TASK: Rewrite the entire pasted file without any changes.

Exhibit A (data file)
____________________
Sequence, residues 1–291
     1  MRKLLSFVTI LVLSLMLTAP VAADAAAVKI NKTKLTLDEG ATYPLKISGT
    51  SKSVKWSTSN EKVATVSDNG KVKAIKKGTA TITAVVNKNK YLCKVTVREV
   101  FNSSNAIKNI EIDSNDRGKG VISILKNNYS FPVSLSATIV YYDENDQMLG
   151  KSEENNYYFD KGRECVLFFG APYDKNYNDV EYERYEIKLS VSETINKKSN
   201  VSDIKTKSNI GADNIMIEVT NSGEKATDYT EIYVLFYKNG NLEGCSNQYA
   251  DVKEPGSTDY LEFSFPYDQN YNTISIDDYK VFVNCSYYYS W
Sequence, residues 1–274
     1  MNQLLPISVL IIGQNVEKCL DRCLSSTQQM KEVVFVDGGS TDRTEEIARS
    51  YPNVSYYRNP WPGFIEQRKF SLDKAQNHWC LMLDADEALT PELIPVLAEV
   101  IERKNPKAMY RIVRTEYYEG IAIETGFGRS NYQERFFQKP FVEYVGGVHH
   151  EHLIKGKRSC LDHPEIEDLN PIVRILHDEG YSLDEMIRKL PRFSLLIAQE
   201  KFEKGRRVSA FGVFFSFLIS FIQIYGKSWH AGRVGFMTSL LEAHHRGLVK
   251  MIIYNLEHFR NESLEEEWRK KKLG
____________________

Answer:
Sequence, residues 1–291
     1  MRKLLSFVTI LVLSLMLTAP VAADAAAVKI NKTKLTLDEG ATYPLKISGT
    51  SKSVKWSTSN EKVATVSDNG KVKAIKKGTA TITAVVNKNK YLCKVTVREV
   101  FNSSNAIKNI EIDSNDRGKG VISILKNNYS FPVSLSATIV YYDENDQMLG
   151  KSEENNYYFD KGRECVLFFG APYDKNYNDV EYERYEIKLS VSETINKKSN
   201  VSDIKTKSNI GADNIMIEVT NSGEKATDYT EIYVLFYKNG NLEGCSNQYA
   251  DVKEPGSTDY LEFSFPYDQN YNTISIDDYK VFVNCSYYYS W
Sequence, residues 1–274
     1  MNQLLPISVL IIGQNVEKCL DRCLSSTQQM KEVVFVDGGS TDRTEEIARS
    51  YPNVSYYRNP WPGFIEQRKF SLDKAQNHWC LMLDADEALT PELIPVLAEV
   101  IERKNPKAMY RIVRTEYYEG IAIETGFGRS NYQERFFQKP FVEYVGGVHH
   151  EHLIKGKRSC LDHPEIEDLN PIVRILHDEG YSLDEMIRKL PRFSLLIAQE
   201  KFEKGRRVSA FGVFFSFLIS FIQIYGKSWH AGRVGFMTSL LEAHHRGLVK
   251  MIIYNLEHFR NESLEEEWRK KKLG